We live longer only in relation to our eating habits

Vegetarians live longer. Or was it the meat eaters?

The eternal debate on which people live longer than the others has always been a battle between vegetarians and meat eaters. There are pros and cons on each side and studies appear to contradict themselves, sometimes favoring one category, sometimes the other. So where lies the truth and how can we determine what is best for us in terms of dietary choices?

The debate is still in full effect and the fact that there is a social problem that needs tackling is obvious. Little more than 70% of the American adult population has overweight issues, and more than 80% of the children under the age of 5 fits into the same category. There is no question about it – overweight and obesity are social issues determined by how and what we eat, even if there are other factors involved, such as the sedentary lifestyle and genetic behavior.

Also, obesity has been related to an increased risk of premature death, which goes to show that we have a long way to go. Everybody wants to live longer, but what which of these two dietary choices and the best in moving us closer to our goal?

Is it meat or is it veggies?

It seems like we may never the able to answer this question in a definitive way. All we have are pros and cons, but if we are to establish a parallel between eating habits and longevity, we first need to have a look at the concept of longevity itself. There are 2 factors influencing longevity and allowing us to live more than our predecessors: genetic inheritance and lifestyle habits. In other words, if we come from a genetically advantageous background in this regard, we can cancel its importance if we tend to live chaotic lives, filled with excesses and vice-versa.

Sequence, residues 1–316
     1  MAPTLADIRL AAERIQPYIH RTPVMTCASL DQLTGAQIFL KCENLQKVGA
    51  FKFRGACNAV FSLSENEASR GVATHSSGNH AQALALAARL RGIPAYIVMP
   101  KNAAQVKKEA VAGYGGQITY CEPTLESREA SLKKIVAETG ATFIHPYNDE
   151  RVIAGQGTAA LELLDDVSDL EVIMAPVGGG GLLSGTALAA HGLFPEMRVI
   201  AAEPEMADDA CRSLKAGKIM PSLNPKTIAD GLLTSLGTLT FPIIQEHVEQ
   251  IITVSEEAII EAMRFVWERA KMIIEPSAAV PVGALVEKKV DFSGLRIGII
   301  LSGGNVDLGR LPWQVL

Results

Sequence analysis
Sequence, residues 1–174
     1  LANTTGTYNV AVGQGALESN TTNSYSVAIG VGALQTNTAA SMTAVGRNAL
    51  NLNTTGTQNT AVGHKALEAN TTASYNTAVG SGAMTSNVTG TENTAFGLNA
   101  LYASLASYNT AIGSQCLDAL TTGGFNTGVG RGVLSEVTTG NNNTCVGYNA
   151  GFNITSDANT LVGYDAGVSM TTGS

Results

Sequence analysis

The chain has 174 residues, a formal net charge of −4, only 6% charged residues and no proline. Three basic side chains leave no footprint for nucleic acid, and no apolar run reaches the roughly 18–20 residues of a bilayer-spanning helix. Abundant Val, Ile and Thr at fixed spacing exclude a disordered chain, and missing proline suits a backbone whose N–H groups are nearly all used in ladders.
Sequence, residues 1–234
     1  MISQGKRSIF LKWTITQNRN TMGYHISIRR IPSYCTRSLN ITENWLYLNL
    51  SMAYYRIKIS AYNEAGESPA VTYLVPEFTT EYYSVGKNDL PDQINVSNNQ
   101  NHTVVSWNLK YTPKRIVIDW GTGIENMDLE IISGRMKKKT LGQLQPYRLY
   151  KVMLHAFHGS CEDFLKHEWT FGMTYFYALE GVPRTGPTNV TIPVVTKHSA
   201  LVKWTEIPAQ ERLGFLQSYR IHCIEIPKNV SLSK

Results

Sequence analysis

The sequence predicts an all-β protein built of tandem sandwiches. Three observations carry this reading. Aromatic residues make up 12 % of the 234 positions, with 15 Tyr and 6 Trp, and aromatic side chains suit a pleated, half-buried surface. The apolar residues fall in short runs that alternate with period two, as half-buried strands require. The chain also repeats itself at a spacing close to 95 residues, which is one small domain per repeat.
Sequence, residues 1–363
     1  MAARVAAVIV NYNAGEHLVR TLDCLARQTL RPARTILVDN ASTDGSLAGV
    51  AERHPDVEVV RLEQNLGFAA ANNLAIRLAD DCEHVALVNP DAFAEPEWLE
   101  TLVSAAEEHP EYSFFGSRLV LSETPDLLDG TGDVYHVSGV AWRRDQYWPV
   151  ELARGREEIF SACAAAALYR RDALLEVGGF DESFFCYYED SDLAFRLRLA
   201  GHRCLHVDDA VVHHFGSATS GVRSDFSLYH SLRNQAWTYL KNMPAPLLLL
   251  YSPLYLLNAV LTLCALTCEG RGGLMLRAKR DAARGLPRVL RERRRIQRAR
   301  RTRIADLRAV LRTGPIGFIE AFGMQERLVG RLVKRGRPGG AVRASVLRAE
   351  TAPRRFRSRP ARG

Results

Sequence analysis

Keeping these into consideration, what is it better, a meat-filled diet or vegetarianism? In our quest to live longer, both have ups and downs we need to take into account. Meat, for instance, is the best source of protein you can have, keeping the body in full battle ready condition, aside from providing it with highly effective sources of vitamins and minerals it needs.

The downside is that, due to the high levels of saturated fats and its impact on the cholesterol values, it is not recommended for those who intend to live longer. At least the exaggerated consumption, that is. In addition, red meat, in particular, has been associated with cancer, diabetes and heart disease.


According to some of the studies, a vegetarian diet could help you live longer, at least in theory, because of the fact that it eliminates the risks associated with meat consumption. There is no risk of elevated blood pressure, reduces the likelihood of contracting diabetes or becoming obese and vegetarians, statistically, tend to live longer and be healthier.

Unfortunately, being vegetarian guarantee neither a healthier lifestyle nor that you will live longer. This is because of the poor caloric content, leading to lower levels of energy and the difficulties of living active lifestyles as a result. The protein will become scarce and you will lack essential nutrients, as calcium, folic acid, and fatty acids, aside from the total absence of animal protein, a key ingredient in building muscle mass and a strong immune system.

As a result, you will have to compensate by taking supplements.

What happens when we draw the line?

What should we do if we want to live longer? The answer to the question does not involve either of these diets, but one particular aspect: balance. According to nutritionists, the best approach is to make 2 thirds of your meals plant based. But keep meat in the diet, because without you cannot have a properly working organism. Eat what you like, but avoid excesses and introduce a lot of greenies and vegetables in your daily eating habits.

Balance is the key to living longer and happier lifestyles.

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